Tropical Storm Francisco intensified into a typhoon and is expected to slowly pass west of the Marianas today. A tropical storm watch remains in effect for Saipan, Tinian, and Rota.
National Weather Service meteorologist-in-charge Genevieve Cruz-Miller told Saipan Tribune that, although Francisco has strengthened into a typhoon, typhoon force winds of 74 miles per hour or greater won’t affect Saipan, Tinian, and Rota.
However, Cruz-Miller said, tropical storm force winds of 39 to 73 mph do extend 130 miles from the center at this time.
“This wind field does not reach the islands but due to the proximity of the typhoon, it is highly recommended to be prepared in the event of any changes to the track,” she said in an email.
A tropical storm watch means that tropical storm conditions (damaging winds 40mph or more) are possible in the next 12 to 48 hours.
As of 8:30pm last night, the center of Typhoon Francisco was located about 235 miles southwest of Rota, 300 miles southwest of Tinian, and 310 miles southwest of Saipan.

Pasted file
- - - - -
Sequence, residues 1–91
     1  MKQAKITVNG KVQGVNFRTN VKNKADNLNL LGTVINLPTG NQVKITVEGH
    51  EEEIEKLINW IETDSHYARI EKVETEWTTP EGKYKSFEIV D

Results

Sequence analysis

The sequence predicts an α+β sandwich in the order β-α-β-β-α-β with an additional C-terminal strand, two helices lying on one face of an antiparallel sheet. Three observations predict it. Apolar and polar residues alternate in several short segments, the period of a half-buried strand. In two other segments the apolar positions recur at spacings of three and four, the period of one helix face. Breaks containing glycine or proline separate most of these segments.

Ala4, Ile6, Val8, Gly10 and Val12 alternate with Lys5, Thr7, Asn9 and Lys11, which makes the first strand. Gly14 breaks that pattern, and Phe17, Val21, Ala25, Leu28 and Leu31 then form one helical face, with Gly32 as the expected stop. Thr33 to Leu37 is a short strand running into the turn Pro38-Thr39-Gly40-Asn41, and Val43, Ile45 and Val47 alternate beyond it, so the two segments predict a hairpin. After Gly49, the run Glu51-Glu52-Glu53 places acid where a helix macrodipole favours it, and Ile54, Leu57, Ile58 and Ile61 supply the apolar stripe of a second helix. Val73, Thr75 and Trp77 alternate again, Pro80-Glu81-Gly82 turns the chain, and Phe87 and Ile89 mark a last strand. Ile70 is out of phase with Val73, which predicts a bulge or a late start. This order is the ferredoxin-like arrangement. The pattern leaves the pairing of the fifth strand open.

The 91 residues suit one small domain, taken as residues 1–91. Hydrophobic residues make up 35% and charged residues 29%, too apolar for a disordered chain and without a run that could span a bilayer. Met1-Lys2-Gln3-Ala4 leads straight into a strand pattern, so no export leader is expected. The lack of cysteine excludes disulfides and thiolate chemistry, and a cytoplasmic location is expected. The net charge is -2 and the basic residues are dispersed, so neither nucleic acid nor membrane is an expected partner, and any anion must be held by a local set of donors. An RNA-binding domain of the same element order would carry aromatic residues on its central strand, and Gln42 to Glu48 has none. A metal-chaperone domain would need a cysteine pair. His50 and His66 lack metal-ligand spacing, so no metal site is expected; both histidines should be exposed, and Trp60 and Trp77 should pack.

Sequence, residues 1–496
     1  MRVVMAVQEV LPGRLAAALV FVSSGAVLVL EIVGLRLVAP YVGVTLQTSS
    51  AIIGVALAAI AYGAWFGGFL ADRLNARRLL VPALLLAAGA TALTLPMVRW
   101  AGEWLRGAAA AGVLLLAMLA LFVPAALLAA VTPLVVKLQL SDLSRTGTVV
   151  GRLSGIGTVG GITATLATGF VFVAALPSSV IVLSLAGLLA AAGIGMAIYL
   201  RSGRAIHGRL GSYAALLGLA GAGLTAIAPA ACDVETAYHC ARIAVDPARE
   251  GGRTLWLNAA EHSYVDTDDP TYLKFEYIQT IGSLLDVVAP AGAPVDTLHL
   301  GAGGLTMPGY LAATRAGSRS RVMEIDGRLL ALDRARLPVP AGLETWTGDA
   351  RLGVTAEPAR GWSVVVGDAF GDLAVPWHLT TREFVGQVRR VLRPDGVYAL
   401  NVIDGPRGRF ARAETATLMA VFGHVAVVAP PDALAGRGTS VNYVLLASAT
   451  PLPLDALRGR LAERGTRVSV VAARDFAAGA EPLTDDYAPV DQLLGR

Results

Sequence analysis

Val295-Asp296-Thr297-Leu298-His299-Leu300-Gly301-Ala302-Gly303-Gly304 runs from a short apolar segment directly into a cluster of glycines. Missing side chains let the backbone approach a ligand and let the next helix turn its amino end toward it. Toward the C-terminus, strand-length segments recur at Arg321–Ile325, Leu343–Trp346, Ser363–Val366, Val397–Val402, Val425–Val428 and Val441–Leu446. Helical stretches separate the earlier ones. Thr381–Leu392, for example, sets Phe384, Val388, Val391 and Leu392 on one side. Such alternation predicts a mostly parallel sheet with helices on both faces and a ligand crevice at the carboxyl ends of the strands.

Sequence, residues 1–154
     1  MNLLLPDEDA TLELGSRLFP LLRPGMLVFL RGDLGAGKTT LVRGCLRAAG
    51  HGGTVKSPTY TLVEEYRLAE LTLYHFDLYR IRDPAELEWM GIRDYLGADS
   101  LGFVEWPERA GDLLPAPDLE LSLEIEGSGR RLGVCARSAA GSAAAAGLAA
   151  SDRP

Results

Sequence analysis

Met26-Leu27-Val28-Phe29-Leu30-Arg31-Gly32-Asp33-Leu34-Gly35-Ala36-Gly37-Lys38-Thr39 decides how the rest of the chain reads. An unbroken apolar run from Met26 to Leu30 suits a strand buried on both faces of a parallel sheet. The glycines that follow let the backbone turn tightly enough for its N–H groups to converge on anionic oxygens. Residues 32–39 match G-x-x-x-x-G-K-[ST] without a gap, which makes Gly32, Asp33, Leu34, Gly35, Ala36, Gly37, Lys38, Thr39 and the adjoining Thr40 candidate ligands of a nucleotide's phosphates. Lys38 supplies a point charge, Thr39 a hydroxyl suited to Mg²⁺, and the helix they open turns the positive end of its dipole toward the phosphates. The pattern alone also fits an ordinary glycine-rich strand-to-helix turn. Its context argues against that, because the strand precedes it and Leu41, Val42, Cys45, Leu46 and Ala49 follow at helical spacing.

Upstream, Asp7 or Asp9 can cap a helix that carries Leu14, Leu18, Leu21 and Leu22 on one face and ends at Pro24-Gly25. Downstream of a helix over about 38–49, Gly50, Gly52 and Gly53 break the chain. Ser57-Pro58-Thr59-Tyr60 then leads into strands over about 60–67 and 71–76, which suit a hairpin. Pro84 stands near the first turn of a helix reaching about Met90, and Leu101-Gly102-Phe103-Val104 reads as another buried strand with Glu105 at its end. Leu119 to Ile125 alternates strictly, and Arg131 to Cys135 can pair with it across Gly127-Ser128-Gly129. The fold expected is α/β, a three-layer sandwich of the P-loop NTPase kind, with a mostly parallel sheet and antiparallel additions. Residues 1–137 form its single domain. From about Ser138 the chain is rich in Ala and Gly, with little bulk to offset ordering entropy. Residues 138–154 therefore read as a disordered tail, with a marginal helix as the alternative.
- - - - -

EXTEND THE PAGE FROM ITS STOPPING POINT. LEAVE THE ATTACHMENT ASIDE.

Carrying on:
The National Weather Service said radar indicates that Typhoon Francisco, packing maximum sustained winds near 85 mph, is moving slowly north-northwest at about 4 mph while continuing to intensify.
Francisco is expected to continue moving toward the north-northwest through Thursday night and Friday morning. It said that typhoon force winds extend outward up to 145 miles from the center.
When in a watch, residents should take precautionary measures such as securing loose object outdoors, checking their emergency supply kits, and making sure small crafts stay in port, Cruz-Miller said.
“Residents should continue to remain alert and listen to information from the National Weather Service and the CNMI Homeland Security for further updates,” she added.
CNMI residents can expect today winds from the south at 25 to 35 mph with gusts of up to 45 mph.
“Showers are likely with the possibility of a thunderstorm…some producing heavy rainfall,” she said.
The Homeland Security and Emergency Management is advising the public to avoid venturing near exposed reefs and beaches, especially those along north and west facing reefs as rip currents will be life threatening.
Surf will be hazardous at 9 to 11 feet along south, west and north facing reefs through Friday.
“Inexperienced mariners, especially those operating smaller vessels, should avoid boating in these conditions, if travel by boat is necessary, exercise caution, especially near reef lines and when entering or leaving harbors and inlets,” said HSEM in a special marine advisory.